I enjoyed listening to Warren Buffett and Charlie Munger mention many concepts and terms used on your Series 7 exam this past Saturday. The very first slide that Mr. Buffett displayed showed a trade ticket, which, right there, is a Series 7 concept. A trade ticket is just a record of a trade--what was bought or sold, how much was bought or sold, at what price the securities were bought or sold, etc. This trade ticket illustrated how panicky the markets became starting last September, and how hard traders had to scramble to post collateral. How? The ticket showed that Berkshire Hathaway was able to sell $5 million par value of T-bills for more than $5 million--$90 more to be exact. It wasn't that Warren was excited about making a risk-free $90; he was showing us that for a while, people were accepting negative yields on Treasuries. In a flight from stocks to Treauries, investors kept pushing up the price of T-bills, pushing their yields so low that the yields went negative for a while. Yes, that means people were willingly losing money on T-bills for a few days, and, yes, the money would have been much better off under their mattresses. Crowds do crazy things when spooked. If the Qwest center had been hosting a heavy metal band as opposed to 35,000 laid-back shareholders, I might have been concerned about a stampede or a melee erupting at any point. Same thing happens in the markets. People freak out on stocks and send a great company like Wells-Fargo below $10 a share while simultaneously snatching up T-bills that give them back less money than they started with.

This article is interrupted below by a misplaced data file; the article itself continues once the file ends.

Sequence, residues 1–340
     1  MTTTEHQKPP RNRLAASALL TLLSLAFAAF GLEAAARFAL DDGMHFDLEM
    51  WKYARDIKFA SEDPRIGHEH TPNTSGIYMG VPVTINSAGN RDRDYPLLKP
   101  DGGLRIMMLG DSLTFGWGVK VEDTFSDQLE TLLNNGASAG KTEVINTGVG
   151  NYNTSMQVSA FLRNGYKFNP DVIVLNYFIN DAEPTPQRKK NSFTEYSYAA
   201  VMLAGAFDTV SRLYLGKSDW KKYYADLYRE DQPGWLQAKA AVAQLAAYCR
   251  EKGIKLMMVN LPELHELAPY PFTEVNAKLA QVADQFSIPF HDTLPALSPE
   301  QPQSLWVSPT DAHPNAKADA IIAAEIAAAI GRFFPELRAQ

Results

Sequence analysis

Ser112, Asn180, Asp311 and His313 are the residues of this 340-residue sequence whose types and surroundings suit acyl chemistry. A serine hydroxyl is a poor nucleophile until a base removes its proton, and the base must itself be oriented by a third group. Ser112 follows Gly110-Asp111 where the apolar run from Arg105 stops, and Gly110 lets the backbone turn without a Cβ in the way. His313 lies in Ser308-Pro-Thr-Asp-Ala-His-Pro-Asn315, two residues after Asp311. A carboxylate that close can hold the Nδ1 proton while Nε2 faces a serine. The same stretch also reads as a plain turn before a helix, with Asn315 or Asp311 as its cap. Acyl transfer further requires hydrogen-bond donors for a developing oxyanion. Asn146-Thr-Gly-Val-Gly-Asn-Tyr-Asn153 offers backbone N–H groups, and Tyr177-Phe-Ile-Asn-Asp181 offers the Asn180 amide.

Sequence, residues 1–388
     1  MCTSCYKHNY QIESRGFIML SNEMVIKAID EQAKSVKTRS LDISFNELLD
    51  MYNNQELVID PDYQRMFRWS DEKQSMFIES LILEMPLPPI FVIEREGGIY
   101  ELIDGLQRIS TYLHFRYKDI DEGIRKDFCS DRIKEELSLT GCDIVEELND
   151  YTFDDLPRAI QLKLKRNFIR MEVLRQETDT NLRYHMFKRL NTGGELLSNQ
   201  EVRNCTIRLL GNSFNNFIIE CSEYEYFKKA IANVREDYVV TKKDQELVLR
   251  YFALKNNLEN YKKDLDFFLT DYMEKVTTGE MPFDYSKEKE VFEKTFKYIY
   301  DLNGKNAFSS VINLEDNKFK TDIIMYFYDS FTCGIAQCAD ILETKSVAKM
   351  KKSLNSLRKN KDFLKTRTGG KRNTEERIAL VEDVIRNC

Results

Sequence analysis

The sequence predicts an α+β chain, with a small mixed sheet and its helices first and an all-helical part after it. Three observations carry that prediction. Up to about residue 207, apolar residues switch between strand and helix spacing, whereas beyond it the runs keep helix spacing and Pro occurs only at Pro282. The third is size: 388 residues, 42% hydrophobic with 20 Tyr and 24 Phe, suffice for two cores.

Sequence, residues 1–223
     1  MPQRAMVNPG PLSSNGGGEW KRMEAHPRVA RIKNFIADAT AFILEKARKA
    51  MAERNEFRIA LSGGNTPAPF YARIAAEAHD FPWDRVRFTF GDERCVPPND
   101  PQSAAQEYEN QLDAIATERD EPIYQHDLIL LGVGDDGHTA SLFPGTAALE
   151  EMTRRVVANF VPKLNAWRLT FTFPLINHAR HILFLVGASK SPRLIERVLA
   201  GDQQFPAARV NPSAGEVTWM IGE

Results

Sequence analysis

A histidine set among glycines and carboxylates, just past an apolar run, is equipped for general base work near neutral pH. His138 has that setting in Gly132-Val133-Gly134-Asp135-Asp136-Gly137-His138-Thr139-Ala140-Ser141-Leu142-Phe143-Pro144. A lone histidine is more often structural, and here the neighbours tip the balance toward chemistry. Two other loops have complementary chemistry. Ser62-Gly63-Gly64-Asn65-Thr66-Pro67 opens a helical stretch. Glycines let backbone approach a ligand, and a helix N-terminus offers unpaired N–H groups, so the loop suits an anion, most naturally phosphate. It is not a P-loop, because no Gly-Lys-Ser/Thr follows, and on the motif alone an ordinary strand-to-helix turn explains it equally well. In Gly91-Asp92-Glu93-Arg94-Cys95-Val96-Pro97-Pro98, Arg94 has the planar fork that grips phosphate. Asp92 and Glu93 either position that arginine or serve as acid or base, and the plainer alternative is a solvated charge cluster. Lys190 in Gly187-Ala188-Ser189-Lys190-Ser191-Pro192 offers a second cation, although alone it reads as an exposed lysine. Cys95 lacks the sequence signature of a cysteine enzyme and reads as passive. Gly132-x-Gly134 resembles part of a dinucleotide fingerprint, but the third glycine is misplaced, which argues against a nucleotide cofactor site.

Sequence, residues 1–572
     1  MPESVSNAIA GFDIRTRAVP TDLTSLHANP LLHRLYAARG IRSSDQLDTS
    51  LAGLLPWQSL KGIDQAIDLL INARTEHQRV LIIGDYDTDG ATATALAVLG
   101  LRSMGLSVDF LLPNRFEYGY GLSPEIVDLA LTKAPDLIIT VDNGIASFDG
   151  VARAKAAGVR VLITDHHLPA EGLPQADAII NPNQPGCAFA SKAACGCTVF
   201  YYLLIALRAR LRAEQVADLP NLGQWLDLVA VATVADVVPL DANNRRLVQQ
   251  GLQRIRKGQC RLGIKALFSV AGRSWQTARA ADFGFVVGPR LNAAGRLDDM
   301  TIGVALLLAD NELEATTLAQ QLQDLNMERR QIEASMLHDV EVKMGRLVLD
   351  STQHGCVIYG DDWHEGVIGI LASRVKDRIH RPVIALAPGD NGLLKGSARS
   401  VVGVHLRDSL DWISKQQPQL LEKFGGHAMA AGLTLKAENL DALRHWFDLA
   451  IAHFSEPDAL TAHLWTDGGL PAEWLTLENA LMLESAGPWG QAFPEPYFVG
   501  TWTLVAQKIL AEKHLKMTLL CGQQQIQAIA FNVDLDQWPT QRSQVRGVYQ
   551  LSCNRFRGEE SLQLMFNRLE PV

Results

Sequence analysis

Moody's was brought up in one of the harder-hitting questions posed by shareholders. Somebody wanted to know why Berkshire didn't use its influence over Moody's after purchasing the company. Not sure if the Series 7 cares, but the fact is that Moody's and S & P are paid by the issuers of the bonds to assign credit ratings. Talk about a conflict of interest, right? If you're being paid by GE to assign a credit score that determines GE's cost of borrowing, might you not be just a little bit kind in your ratings? But Buffett said that conflicts didn't cause the housing bubble, and that he and Charlie don't micromanage their investee companies like that. Then Charlie pointed out that Moody's had just downgraded Berkshire Hathaway's Aaa credit rating, so "maybe that shows a little bit of independence" he said, with a shrug of cool sarcasm that got a big laugh from the massive crowd.
When asked about the derivatives markets that seized up, Warren pointed out that unregulated trading markets involving vast sums are dangerous--there is a reason that the Fed mandates 3-day settlements and 50% collateral in margin accounts. See, those funky mortgage-based derivatives that nearly wiped out Wall Street completely were trading in unregulated markets where settlement dates were vague, and the "contra parties" to the contracts could just hem and haw until finally it became apparent that the contracts were no good.
I certainly did not expect to hear about Reg T and 3-day settlements at this meeting, but there were many cool surprises like that. Not to mention, the $15 box of See's candies turned out to be frighteningly good. Warning: don't open a box of See's candy if you're on a strict diet. Good thing I run so many miles a week.